Por raits of the ar ists

The fine-art pho­tog­ra­pher Cather­ine Opie talks in­spi­ra­tion and celebrity with Caro­line Roux

The Daily Telegraph - Telegraph Magazine - - CON­TENTS -

Yes­ter­day was the big day,’ says Cather­ine Opie, as we set­tle our­selves on a down­beat sofa in a mod­est pho­tog­ra­phy stu­dio just south of Water­loo Sta­tion. ‘We started with Lynette, then Isaac, then Duro. And ended with Celia.’ The Amer­i­can artist, on a quick Lon­don trip, had been mak­ing por­traits of fel­low artists: the 2013 Turner Prize nom­i­nee Lynette Yi­adom-boakye; film-maker Isaac Julien; fash­ion de­signer Duro Olowu; and the ethe­real por­trait painter Celia Paul (who has a child by Lu­cian Freud). The re­sults will soon be on show at Thomas Dane’s gallery in Lon­don.

These are just the lat­est ad­di­tions to Opie’s on­go­ing se­ries of cel­e­brated cre­atives that she be­gan five years ago with Laura and Kate Mul­leavy, the fash­ion-de­signer sis­ters be­hind the Ro­darte la­bel. The writer Jonathan Franzen and the con­cep­tual artist John Baldessari have been sub­ject to what she calls her ‘ex­tended stare’. Af­ter I leave, de­signer Rick Owens will be pass­ing by, and the day be­fore both Anish Kapoor and Gil­lian Wear­ing had been in the chair. ‘Her light­ing brings an amaz­ing painterly qual­ity,’ says Wear­ing. ‘She cap­tures peo­ple in an ex­tra­or­di­nary way.’

Opie oc­cu­pies a place in the top tier of fine art pho­tog­ra­phers, bring­ing the art-his­tor­i­cal lan­guage of painters like Velázquez into the present day. She is not, though, a house­hold name. While the world-fa­mous pho­tog­ra­pher An­nie Lei­bovitz, for ex­am­ple, roams across the fields of art, ed­i­to­rial and ad­ver­tis­ing, Opie has never sought to stray near the com­mer­cial world. In­stead she ded­i­cates her­self to ex­plor­ing par­tic­u­lar groups – am­a­teur foot­ball play­ers, surfers wait­ing in sil­very mists for elu­sive waves. She cap­tures cities when they are empty of peo­ple and mo­tor­ways with no cars. For a ‘por­trait’ of El­iz­a­beth Tay­lor, she moved through the movie star’s home as she lay dy­ing, snap­ping her bed­side table, make-up and per­fumes, shoes and jew­els. ‘I couldn’t take her por­trait, her im­age is too big,’ she says. ‘But the things that had her im­print, her DNA – like an emery board – I was re­ally touched by.’

The pic­tures that made peo­ple take no­tice in the early 1990s were of a rather dif­fer­ent group – sit­ters came from San Fran­cisco’s leather­bound gay com­mu­nity, in which she played a lead­ing part. Some sub­jects were in the throes of Aids, oth­ers in the com­pli­cated process of tran­si­tion­ing across gen­ders. There are pierc­ings and sta­ples and tat­toos – in one, the word DYKE is finely inked in gothic script on the back of a neck be­neath closely cropped hair.

In her own self-por­trait, Opie has a bloodied line draw­ing of a house and two fe­male stick fig­ures hold­ing hands scored into her back. ‘It was the life I dreamt of, but wasn’t liv­ing back then,’ she says. Sen­sual, and throb­bing with loss, long­ing or de­sire, as well as defin­ing an era and a po­lit­i­cal sense of choice, they have more than stood the test of time: some were used in the open­ing cred­its of the les­bian tele­vi­sion se­ries The L Word.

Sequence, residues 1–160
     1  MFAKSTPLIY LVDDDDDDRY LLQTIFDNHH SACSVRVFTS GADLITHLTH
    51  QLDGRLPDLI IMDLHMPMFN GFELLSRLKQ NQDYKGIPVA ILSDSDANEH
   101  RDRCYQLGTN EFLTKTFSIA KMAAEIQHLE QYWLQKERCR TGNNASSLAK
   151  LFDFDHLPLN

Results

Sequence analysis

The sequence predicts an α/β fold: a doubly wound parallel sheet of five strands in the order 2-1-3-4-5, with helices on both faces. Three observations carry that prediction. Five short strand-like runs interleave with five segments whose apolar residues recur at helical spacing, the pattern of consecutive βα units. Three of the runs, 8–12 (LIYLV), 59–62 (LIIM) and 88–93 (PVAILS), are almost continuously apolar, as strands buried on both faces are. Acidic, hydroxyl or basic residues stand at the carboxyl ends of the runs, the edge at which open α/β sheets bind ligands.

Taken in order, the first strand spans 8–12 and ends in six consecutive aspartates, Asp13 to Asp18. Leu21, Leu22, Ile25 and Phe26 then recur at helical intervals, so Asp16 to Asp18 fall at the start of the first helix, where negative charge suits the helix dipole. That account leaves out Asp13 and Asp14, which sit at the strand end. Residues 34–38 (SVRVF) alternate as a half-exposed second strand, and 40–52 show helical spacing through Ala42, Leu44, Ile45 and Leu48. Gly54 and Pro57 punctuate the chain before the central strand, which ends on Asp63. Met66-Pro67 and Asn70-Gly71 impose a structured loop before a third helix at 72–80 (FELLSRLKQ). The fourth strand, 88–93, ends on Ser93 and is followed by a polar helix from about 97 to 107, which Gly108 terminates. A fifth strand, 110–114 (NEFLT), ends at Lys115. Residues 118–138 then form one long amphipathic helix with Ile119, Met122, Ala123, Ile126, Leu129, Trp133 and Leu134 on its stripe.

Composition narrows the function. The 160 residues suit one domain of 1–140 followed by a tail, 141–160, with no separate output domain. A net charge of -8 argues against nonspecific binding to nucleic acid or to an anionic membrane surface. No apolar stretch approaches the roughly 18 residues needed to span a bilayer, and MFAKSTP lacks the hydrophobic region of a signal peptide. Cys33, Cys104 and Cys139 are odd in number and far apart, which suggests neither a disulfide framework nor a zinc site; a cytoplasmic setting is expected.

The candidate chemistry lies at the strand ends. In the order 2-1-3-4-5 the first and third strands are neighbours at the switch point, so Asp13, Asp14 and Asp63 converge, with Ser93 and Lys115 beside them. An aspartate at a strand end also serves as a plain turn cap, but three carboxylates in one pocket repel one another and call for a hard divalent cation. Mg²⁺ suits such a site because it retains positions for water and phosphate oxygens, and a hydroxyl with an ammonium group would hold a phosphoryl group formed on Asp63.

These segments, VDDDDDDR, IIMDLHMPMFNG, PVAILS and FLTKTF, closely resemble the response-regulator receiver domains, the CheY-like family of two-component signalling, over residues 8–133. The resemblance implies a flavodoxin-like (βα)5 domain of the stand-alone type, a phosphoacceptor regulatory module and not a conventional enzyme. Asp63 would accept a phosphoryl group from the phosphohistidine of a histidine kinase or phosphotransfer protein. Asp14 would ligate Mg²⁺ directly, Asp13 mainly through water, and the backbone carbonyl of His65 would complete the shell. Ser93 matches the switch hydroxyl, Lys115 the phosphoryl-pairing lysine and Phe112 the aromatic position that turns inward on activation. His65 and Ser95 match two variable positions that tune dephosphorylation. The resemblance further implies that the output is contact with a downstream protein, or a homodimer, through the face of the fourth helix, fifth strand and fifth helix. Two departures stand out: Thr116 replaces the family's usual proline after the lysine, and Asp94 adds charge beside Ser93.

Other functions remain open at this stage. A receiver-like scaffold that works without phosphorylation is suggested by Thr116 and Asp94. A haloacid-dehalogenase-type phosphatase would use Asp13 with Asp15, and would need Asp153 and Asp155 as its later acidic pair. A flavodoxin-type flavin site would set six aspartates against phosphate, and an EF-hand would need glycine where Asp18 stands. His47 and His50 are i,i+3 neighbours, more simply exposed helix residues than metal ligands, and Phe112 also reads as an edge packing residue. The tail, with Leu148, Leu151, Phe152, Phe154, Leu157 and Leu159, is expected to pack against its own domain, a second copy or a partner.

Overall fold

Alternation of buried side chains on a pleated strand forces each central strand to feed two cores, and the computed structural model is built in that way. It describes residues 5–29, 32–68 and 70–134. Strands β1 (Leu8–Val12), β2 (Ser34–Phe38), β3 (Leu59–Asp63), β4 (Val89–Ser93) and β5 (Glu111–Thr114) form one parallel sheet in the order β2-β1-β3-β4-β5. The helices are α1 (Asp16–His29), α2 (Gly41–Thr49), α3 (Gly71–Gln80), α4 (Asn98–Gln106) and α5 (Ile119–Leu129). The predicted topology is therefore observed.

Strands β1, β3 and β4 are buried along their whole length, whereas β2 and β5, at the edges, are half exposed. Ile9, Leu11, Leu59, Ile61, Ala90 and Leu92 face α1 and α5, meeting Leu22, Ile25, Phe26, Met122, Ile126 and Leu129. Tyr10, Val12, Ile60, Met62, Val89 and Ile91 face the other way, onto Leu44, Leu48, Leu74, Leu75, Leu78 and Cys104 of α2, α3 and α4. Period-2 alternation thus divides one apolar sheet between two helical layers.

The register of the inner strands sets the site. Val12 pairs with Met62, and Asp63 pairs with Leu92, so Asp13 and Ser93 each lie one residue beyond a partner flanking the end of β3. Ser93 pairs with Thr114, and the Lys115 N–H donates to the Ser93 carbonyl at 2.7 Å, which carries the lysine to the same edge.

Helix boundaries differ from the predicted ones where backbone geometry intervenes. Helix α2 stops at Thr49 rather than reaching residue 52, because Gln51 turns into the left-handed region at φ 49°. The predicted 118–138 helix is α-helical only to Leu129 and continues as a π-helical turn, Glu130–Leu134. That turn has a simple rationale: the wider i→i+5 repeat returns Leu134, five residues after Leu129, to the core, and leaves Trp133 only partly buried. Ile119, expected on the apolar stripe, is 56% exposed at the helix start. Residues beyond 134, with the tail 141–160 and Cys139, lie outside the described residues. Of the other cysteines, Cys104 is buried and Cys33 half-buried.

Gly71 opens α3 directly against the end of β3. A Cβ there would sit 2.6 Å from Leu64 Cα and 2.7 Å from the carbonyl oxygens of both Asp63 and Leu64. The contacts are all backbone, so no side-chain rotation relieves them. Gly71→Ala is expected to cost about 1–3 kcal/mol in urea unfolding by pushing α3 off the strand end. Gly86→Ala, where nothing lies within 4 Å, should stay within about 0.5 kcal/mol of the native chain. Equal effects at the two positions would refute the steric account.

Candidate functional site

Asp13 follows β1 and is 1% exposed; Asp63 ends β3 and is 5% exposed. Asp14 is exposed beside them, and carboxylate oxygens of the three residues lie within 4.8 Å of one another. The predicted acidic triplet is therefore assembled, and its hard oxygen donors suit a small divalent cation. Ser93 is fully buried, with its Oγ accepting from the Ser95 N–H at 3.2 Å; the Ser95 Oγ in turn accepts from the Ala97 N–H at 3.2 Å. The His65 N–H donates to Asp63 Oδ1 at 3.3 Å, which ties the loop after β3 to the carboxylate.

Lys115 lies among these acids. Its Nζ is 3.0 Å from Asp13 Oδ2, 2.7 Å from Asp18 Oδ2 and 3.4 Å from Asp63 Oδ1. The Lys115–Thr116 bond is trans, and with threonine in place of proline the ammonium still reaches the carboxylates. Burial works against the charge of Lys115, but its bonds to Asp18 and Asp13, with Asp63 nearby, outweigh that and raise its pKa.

The woman who sits here to­day hasn’t so much mel­lowed as moved with the times. She is cheer­ful, solid and grey-haired, dressed down in jeans and T-shirt. Her en­tourage is just one as­sis­tant, Heather Ras­mussen (an artist in her own right), and the pair are stay­ing in a twobed Airbnb not far away at The Oval.

Opie is a key fig­ure in LA’S cul­tural life – she is a pro­fes­sor in the fine art depart­ment at UCLA and a board mem­ber of the Mu­seum of Mod­ern Art, as well as en­joy­ing her own suc­cess. Her cur­rent com­mu­nity is the artis­tic elite, and her work is highly prized and ex­pen­sive. But Cathy, as ev­ery­one calls her, clearly doesn’t have an ego that needs mas­sag­ing.

Opie de­nies that in this lat­est se­ries she’s doc­u­ment­ing cre­ative celebrity, sim­ply that this is her mi­lieu. ‘It’s hard to be a suc­cess­ful artist, so yes, we’re all in the same bub­ble,’ she laughs. Her sub­jects have in­cluded her friend the artist Matthew Barney (who re­cently separated from Björk). ‘He was dif­fi­cult for me,’ she says. ‘Just be­cause he’s so pretty to look at, when he’s re­ally a very silent and in­ter­nal per­son.’

She has also pho­tographed David Hock­ney. ‘ We’re not close, but we re­spect each other,’ she says of the oc­to­ge­nar­ian, whose own por­traits of bo­hemi­ans such as Ossie Clark helped es­tab­lish his rep­u­ta­tion. In the por­trait, taken in LA in June, Hock­ney seems to emerge al­most im­pe­ri­ously out of Opie’s vis­cous black back­ground, the colour of his bob­bled pur­ple cardi­gan like a rep­re­sen­ta­tion of his own off­beat painter’s pal­ette.

‘It ’s im­por­tant to bear wit­ness, to spend some time,’ says Opie of the im­age. ‘I love the paint splat­ters on his trousers and the hear­ing aid. The bulge of the wal­let in the pocket.’ The frailty of the artist John Baldessari that she sum­moned in 2013 pays homage to Rem­brandt’s Old Man with a Beard, and is enough to move you to tears.

Opie has al­ways bal­anced emo­tion and pol­i­tics. Jonathan Franzen she ap­proached be­cause she’d read his books and was in­ter­ested in his place in the his­tory of the great Amer­i­can (white male) novel. ‘He’s in­cred­i­bly gifted with lan­guage,’ she says. ‘But I have a prob­lem, as with many straight male writ­ers, with the over­wrought misog­yny of the work. The fe­male char­ac­ters are an­gry and bit­ter. I won­der if when a man writes about a woman like that, it’s about an as­pect

Top Celia, 2017, of Celia Paul. Above David, Austin, and Bryant, 2009

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